At least 6,000 people have been infected with cholera and close to 100 others have died from the disease in Cameroon which is struggling to contain an outbreak of the water-borne disease.
According to the country’s public health ministry, the number of cholera patients received in hospitals was increasing daily. Officials have blamed a shortage of clean drinking water in towns and villages due to a long dry season for the outbreak.
An official with the ministry noted that cholera had spread to more than 40 percent of major towns, including the capital Yaoundé, the economic capital Douala, and western commercial towns such as Buea, Limbe and Bafoussam.
Linda Esso, director of epidemics and pandemics at the ministry, said several villages had reported cholera cases and the entire country was at risk from the outbreak.
The public health chief of Limbe in Cameroon’s Southwest region, Filbert Eko, said the area was the worst affected in the central African country recording more than 800 cases since February.
200 out of 300 patients reportedly had been treated and discharged from a government hospital in Limbe in just the last seven days.
Eko added that the outbreak prompted authorities to quarantine patients to prevent the disease from spreading further.
“The treatment center will be separated from the hospital and from the public. No outsider will be allowed to have access to the patients,” Eko said.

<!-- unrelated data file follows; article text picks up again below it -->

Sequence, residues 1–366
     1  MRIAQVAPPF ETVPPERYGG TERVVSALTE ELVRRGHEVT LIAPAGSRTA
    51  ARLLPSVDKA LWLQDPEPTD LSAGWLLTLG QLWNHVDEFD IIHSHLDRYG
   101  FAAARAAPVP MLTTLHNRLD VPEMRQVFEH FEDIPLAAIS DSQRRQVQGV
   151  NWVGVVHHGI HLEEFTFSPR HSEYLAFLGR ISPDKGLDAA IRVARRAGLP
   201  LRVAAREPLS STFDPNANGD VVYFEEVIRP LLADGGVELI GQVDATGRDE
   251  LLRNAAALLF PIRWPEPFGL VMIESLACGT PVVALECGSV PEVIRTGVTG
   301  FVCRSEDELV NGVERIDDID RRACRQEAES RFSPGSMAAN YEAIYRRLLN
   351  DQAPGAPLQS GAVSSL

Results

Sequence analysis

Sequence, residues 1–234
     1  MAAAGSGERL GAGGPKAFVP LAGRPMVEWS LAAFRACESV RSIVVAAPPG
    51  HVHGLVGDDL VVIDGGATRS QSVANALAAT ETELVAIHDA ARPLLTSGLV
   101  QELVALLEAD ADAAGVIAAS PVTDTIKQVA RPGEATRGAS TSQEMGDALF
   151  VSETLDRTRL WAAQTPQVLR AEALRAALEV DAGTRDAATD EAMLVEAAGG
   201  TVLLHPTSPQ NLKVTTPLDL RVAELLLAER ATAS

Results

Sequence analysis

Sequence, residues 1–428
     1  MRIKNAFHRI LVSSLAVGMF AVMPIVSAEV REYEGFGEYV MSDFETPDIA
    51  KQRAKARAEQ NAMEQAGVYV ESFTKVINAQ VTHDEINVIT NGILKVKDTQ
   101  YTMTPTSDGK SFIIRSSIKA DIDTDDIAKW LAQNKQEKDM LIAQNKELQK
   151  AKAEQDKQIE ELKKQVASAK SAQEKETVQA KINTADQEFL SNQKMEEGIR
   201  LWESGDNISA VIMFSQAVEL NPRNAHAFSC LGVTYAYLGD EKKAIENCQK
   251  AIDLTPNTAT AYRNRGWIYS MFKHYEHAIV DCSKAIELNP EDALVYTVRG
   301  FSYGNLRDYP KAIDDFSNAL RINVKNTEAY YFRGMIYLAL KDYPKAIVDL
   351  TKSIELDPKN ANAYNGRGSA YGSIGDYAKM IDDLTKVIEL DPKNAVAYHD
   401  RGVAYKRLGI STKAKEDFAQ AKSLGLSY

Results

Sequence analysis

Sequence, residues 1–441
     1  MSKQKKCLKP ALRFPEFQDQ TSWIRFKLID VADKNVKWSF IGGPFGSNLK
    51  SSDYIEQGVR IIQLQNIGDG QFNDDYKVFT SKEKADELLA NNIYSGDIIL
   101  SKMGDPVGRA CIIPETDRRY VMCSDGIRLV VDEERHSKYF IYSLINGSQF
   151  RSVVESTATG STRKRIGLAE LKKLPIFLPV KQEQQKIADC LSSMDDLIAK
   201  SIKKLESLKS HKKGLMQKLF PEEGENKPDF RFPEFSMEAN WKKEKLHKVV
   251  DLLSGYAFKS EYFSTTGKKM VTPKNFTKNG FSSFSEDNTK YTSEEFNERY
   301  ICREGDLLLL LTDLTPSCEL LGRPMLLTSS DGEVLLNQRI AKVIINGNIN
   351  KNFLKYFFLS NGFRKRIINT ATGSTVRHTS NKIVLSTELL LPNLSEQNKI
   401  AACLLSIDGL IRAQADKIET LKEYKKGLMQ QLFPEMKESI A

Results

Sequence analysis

“We don’t want contact between families and the patients. We are taking [efforts] upon ourselves, searching for resources to feed these patients free of charge.”
President Paul Biya has deployed the ministers of water and health to assess the situation in affected regions.
The Public Health Minister, Manaouda Malachie, cautioned that Douala’s New Bell Prison had become an epicenter of the outbreak but did not give any details on whether any inmates had been infected or died from the disease.
Meanwhile, the Minister of Water Gaston Eloundou Essomba directed the Cameroon Water Distribution Company, the body in charge of water distribution in the country, to provide clean water to villages and towns affected by the outbreak.
Cameroon usually suffers from cholera outbreaks with one of the worst such incidents occurring in 2011 when more than 23,000 people were infected and 800 others died.